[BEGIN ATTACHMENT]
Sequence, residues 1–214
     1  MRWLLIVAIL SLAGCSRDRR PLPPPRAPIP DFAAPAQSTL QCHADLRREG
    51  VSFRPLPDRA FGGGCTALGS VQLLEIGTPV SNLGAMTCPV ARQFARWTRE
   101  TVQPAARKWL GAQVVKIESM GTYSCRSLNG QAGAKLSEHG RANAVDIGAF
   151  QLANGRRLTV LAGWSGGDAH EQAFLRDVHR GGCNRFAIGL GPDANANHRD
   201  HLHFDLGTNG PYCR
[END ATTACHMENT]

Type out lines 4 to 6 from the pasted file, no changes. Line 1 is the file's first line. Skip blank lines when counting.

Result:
   101  TVQPAARKWL GAQVVKIESM GTYSCRSLNG QAGAKLSEHG RANAVDIGAF
   151  QLANGRRLTV LAGWSGGDAH EQAFLRDVHR GGCNRFAIGL GPDANANHRD
   201  HLHFDLGTNG PYCR